Sixx digs up more dirt in book
EmptyAfter the success of Motley Crue's tell-all autobiography "The Dirt" in 2001, it stands to reason that someone from the '80s rock act eventually would attempt a publishing encore.
Bassist Nikki Sixx delivers his Sept. 18 when he releases "Heroin Diaries: A Year in the Life of a Shattered Rock Star" via MTV/VH1 Pocket Books, a division of Simon & Schuster.
The book pairs diary entries written during a struggle with drugs in the mid-'80s with modern-day commentary from Sixx and those around him. Thoughts and reminiscences with exes, bandmates, record industry execs and family members are presented through Sixx's drug-induced haze.
Sixx found the diaries in storage and spent years compiling them for the book. He said he sees them more as a commentary on the record business than as a portrait of a lurid rock 'n' roll lifestyle.
"We have managers and record company people saying that there was this massive machine and nobody was willing to take it off the road and fix the broken wheel," he said. "It would have cost them money. It was more important to keep the business rolling than confronting me. I was left out there to die. 'Hey, let him shoot up, and don't ruffle his feathers. I want my 15%.' That's how it works."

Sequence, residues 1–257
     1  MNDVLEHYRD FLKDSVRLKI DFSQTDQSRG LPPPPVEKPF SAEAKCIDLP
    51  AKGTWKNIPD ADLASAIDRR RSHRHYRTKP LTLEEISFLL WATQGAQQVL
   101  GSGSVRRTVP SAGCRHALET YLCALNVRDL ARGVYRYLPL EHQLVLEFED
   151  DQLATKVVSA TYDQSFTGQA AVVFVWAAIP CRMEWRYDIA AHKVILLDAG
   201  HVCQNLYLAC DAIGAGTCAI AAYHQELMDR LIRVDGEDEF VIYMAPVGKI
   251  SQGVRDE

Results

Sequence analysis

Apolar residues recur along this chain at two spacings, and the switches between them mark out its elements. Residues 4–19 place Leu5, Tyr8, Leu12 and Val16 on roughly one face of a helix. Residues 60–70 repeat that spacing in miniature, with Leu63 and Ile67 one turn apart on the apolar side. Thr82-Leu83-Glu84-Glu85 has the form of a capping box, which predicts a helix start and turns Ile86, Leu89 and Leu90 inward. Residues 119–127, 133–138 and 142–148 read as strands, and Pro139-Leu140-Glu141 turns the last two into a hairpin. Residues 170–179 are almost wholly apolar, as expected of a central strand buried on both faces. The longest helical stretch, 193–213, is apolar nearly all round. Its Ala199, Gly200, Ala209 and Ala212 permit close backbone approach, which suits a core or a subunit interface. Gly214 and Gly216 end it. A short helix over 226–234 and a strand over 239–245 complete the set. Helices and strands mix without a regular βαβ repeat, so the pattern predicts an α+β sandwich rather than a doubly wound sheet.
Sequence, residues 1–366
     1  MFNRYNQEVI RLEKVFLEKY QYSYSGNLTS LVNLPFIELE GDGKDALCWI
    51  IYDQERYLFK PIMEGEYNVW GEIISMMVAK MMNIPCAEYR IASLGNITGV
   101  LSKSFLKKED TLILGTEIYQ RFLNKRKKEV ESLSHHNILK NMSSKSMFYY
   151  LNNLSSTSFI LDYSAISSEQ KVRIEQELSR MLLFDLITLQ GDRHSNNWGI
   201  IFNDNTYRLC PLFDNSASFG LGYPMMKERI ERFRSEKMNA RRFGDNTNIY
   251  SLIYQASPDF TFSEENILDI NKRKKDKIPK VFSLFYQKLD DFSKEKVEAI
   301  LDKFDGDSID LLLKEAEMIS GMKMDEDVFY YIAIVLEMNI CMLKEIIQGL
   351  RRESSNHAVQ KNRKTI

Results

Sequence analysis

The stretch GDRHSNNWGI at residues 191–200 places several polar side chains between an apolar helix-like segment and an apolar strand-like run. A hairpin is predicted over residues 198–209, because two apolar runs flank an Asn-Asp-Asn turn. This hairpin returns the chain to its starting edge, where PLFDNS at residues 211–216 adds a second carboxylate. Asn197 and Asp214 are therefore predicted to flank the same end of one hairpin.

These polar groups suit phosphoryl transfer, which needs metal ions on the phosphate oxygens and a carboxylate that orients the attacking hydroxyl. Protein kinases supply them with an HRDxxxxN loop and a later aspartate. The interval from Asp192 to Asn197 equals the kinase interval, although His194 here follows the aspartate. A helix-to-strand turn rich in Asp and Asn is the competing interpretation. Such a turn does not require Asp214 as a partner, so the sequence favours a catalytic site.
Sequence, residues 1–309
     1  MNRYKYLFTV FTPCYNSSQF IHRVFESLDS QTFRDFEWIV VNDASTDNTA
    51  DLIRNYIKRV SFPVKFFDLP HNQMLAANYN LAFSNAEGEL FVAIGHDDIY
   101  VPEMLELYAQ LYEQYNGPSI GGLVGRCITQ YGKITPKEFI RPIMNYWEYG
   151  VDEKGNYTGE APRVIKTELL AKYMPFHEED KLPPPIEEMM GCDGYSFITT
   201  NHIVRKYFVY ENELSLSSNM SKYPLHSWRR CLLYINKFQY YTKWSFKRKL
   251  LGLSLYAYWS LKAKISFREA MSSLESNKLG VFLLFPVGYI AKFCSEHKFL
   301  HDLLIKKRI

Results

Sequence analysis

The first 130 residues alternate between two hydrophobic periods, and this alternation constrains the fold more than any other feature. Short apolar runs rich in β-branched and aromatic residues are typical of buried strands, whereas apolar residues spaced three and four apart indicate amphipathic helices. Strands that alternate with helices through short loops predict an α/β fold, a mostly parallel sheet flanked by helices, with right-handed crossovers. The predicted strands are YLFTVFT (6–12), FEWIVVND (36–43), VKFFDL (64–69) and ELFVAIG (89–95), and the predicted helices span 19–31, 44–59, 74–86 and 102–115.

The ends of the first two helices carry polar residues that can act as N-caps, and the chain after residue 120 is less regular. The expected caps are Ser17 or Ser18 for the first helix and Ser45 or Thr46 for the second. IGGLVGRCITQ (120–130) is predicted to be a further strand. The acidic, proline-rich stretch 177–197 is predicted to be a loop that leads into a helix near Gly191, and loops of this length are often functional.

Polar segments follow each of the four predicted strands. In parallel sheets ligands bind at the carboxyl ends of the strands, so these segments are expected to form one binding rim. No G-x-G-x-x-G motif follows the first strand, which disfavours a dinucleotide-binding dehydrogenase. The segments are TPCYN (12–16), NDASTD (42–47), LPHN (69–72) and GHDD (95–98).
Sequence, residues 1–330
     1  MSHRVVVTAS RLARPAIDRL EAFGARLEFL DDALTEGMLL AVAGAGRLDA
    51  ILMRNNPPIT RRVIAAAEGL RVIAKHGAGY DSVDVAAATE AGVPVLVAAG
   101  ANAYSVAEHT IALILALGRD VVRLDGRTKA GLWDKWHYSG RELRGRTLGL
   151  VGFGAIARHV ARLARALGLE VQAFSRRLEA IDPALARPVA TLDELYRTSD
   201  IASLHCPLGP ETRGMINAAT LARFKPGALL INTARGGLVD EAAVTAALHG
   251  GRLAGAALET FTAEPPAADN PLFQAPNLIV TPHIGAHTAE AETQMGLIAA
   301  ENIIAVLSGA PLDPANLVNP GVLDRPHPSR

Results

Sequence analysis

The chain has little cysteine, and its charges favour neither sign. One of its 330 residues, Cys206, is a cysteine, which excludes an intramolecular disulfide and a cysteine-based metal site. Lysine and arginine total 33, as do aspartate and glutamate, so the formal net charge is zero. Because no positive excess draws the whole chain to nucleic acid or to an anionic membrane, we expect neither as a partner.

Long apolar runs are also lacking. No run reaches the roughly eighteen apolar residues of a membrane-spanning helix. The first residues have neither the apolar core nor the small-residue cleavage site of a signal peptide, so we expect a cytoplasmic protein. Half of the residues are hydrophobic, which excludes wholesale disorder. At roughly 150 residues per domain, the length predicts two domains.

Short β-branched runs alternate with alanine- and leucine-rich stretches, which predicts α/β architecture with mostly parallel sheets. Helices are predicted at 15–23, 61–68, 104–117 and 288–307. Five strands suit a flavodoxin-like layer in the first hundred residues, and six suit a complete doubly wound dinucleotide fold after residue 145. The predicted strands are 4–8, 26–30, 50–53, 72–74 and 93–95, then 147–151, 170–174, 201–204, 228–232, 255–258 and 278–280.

A portion of the proceeds from the book will go to Running Wild in the Night, a fund-raising initiative for Covenant House California, which aids struggling youth. "Heroin" will be accompanied with what Sixx calls "a soundtrack," an album of songs inspired by the book and recorded with his band Sixx:AM.
The latter will be released by Sixx's management firm, Allen Kovax's Eleven Seven Music, and distributed via Warner Music Group's indie pipeline, the Alternative Distribution Alliance.
Sixx is aware that many fans will be more drawn to the "Behind the Music"-like tales of the book rather than the look at a junkie caught up in a music machine.
"You have to be drawn to the car race because you think there's going to be a car crash," he says. "So if that's what it takes, fine. If people want to read this book to see how fucked up my life was, and to see how many drugs I took, and to read about my crazy sexcapades, then fine. But in the end, every time the book sells, it's going to put money into a bank account to keep some kids off the street."
Todd Martens is a correspondent for Billboard.